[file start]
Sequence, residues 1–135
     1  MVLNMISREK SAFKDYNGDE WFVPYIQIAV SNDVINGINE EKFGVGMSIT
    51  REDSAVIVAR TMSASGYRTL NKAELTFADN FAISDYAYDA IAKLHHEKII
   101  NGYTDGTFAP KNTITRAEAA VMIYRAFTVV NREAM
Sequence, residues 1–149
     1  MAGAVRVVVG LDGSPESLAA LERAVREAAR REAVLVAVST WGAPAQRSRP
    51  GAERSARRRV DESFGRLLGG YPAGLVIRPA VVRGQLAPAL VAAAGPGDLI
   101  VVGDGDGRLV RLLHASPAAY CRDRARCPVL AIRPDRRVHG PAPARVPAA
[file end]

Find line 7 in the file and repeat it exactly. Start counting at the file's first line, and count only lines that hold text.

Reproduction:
    51  GAERSARRRV DESFGRLLGG YPAGLVIRPA VVRGQLAPAL VAAAGPGDLI